Forests & Water
The human population continues to increase, requiring more and more water, but also clearing away more of the forests that purify it. Hundreds of aquatic species are in danger of becoming extinct because of habitat loss and human activity. Years of accumulated pollution and deforestation have turned some of our nation’s most treasured rivers and bays into toxic waters.
Why We Care
Forest health, particularly that of national forests, is directly related to the quantity and quality of water in the US. In fact, 60% of fresh water in this country comes from forests. Trees catch rain as it falls, filtering and cleansing it before it reaches the underground aquifers that supply our wells and city water systems. As human populations increase and require more clean water, we will have to rely more than ever on forests to provide it.
National forests are also the last available habitat for many threatened and endangered aquatic species. Of all native fish species alone, 37% are in danger of becoming extinct. These species rely on the protected conditions of national forests to maintain large enough populations to survive.
Chesapeake Bay. Potomac River. Puget Sound. These familiar names are all known for two things: their natural beauty and their exceptionally high levels of pollution. One of the largest contributors is the agricultural and industrial runoff that enters these bodies of water when natural buffers like trees and forests are not there to slow and purify the runoff.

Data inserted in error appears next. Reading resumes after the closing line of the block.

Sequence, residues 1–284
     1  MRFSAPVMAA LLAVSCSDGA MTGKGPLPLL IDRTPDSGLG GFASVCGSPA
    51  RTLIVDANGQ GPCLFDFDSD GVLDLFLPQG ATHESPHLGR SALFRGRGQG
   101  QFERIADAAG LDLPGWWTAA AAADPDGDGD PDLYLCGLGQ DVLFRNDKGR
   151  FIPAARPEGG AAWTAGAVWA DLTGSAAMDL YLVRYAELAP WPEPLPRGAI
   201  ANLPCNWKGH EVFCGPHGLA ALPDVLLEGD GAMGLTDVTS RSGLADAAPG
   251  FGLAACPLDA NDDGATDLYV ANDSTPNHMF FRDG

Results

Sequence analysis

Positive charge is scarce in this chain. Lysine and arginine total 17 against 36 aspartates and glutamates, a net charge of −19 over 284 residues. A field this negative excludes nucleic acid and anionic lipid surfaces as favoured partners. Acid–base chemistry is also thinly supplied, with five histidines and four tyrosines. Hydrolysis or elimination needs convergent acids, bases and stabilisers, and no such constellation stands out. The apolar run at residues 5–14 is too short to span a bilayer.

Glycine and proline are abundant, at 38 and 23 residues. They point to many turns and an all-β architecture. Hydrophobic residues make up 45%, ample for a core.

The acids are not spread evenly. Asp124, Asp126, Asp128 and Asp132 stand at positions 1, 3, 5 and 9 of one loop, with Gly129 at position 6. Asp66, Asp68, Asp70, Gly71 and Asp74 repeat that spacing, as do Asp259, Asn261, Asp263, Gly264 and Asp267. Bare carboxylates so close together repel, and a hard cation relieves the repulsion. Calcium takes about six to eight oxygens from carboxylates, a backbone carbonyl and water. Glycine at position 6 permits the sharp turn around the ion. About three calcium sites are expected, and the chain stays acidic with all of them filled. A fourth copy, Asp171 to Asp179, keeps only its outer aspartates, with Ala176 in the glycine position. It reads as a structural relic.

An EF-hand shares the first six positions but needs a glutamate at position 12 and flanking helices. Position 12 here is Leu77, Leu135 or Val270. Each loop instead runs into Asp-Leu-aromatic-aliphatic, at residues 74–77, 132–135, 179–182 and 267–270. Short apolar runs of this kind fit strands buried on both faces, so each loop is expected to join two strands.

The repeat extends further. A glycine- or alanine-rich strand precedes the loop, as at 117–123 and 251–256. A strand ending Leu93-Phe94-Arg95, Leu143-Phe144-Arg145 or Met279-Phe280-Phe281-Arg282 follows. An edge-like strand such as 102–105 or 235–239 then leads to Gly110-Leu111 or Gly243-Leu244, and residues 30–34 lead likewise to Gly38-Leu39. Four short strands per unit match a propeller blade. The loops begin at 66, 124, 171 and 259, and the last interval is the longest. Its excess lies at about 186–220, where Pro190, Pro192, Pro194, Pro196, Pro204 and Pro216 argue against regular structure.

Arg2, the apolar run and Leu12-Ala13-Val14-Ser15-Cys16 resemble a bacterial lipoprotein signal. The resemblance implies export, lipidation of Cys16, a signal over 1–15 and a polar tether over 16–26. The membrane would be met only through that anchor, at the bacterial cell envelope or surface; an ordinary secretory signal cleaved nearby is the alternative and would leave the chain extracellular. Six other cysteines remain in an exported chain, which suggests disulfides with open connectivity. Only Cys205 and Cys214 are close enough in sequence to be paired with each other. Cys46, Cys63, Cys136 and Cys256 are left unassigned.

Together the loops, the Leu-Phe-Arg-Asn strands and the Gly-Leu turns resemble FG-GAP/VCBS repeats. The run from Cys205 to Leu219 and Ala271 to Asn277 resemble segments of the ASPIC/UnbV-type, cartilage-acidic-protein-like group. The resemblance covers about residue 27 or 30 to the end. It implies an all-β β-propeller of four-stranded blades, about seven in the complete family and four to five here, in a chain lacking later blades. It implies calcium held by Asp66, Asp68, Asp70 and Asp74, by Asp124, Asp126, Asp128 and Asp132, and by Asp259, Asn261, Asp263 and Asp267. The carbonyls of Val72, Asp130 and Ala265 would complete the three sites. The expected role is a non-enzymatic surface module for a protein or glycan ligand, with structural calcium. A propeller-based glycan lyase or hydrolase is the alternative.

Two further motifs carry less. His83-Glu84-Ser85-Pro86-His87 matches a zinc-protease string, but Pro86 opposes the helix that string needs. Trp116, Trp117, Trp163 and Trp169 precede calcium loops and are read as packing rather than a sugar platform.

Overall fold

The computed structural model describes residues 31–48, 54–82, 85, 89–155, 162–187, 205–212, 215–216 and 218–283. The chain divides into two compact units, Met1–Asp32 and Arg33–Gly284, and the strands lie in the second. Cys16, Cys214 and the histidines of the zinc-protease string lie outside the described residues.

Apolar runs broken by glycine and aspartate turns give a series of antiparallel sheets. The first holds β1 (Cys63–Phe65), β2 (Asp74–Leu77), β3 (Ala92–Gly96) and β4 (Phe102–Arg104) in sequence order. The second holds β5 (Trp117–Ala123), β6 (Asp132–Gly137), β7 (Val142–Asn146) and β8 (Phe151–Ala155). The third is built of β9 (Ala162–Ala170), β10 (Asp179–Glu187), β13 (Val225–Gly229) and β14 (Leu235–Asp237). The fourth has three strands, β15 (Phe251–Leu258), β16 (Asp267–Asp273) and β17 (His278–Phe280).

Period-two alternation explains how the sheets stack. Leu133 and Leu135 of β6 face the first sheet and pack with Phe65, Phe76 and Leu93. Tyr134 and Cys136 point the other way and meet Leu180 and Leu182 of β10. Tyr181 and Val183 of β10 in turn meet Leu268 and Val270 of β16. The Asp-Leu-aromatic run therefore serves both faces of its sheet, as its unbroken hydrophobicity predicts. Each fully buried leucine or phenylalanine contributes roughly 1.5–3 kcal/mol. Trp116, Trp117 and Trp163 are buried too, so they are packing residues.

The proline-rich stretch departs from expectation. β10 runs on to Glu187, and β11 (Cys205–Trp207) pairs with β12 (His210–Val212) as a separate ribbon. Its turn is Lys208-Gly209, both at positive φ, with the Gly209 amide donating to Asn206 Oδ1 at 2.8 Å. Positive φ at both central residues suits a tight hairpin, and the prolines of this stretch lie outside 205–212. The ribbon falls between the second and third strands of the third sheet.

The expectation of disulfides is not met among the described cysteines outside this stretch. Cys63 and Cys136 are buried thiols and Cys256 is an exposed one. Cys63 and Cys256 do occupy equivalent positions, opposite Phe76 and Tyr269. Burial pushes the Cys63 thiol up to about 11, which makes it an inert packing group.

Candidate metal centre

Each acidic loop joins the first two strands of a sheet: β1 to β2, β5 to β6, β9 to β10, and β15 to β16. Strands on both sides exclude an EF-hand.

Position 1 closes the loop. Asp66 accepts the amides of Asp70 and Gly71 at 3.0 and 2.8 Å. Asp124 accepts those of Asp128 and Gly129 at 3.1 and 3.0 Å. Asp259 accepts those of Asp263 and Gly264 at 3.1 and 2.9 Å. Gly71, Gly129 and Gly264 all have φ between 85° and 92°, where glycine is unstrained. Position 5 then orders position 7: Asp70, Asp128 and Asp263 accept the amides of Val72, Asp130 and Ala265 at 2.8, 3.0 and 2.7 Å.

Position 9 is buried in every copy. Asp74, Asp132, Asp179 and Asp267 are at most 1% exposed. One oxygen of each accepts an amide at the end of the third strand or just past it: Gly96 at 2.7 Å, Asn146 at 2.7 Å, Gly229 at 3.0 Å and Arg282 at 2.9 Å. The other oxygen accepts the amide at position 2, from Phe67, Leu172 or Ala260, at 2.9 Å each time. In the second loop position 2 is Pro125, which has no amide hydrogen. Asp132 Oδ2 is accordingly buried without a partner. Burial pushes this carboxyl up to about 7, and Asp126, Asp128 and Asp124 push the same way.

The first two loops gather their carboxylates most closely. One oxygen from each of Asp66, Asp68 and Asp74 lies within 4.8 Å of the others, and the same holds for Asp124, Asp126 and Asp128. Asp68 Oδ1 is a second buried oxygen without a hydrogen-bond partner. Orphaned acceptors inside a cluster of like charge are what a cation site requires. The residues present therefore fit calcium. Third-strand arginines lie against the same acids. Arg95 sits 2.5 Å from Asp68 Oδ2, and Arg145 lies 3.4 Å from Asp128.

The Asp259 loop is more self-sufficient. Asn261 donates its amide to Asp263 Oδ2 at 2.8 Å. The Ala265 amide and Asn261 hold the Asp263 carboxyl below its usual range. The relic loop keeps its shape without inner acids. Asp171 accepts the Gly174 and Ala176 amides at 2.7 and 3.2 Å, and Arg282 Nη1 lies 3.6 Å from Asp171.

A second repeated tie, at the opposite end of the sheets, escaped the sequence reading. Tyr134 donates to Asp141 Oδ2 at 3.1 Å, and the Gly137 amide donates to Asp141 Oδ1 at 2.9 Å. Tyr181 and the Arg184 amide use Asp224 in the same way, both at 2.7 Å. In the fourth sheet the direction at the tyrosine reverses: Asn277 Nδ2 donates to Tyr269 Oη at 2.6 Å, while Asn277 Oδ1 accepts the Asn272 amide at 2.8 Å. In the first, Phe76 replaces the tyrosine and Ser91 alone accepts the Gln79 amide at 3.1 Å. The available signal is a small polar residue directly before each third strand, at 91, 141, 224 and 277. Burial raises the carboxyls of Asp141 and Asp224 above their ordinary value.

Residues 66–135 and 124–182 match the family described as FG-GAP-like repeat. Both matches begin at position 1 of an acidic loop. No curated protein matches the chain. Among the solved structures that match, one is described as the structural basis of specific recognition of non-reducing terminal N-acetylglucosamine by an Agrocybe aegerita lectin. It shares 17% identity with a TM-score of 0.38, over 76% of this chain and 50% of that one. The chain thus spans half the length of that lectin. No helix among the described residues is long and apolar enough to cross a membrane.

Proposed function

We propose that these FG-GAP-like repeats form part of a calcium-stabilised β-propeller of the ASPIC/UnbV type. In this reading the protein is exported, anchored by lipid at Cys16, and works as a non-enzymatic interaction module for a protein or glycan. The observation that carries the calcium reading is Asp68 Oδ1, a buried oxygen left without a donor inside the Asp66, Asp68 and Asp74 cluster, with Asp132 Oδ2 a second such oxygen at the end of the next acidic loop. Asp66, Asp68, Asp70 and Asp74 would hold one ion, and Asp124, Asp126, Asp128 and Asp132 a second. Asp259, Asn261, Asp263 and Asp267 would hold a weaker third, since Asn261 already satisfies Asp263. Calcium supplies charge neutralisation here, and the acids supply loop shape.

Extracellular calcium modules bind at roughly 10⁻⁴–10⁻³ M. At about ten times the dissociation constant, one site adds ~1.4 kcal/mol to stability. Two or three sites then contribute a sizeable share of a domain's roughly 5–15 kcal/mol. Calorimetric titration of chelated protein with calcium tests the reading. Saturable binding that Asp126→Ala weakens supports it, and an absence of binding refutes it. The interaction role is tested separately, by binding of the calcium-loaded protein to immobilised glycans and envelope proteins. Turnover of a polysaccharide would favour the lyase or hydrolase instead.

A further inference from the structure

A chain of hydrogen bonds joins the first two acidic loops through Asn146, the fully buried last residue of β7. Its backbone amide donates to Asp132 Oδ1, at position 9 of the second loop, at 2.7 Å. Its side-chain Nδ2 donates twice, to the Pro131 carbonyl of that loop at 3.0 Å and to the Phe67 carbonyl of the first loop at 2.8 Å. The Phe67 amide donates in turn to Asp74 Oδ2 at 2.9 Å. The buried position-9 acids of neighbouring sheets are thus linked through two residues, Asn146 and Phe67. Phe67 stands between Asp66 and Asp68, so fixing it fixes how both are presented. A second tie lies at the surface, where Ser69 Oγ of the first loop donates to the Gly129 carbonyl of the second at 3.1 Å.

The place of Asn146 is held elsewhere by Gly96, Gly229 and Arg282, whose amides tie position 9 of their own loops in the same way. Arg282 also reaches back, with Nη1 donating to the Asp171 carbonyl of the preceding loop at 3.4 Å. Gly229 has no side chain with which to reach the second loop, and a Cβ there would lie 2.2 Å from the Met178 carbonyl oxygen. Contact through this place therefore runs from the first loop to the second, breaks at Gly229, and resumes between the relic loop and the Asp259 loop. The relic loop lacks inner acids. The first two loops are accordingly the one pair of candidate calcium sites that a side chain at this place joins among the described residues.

One of the best things that we can do to make sure future generations have enough clean water is to protect and enhance the forests that provide it. That is why many of our projects each year take place in national forests, which supply so much of our nation’s fresh water. We also advocate in the policy arena for national forests to be recognized as the valuable water resources that they are, and to be managed and protected as such.
On public and private lands alike, forests perform a vital public service by supplying and filtering our water. That is why we advocate that landowners receive payments or other economic incentives to keep their land forested.
American Forests also recognizes that the water supply needs to be protected at its source. One way we can do this is to restore the ailing whitebark pine ecosystems that shade and stabilize the snowpack in western mountains. This allows nature to manage the rate at which the snow melts, and feed fresh, clean water into the rivers all year long.
What You Can Do
- Be aware of how much water you use. Wasted water means a heavier strain on our forests.
- Work with local volunteer groups to plant trees in your neighborhood that will help manage storm water runoff.
- Act Now to show support for prioritizing the health of our nation’s forests and watersheds.
- Contribute to American Forests to help us continue restoring forests and advocating for their protection and recognition as water sources.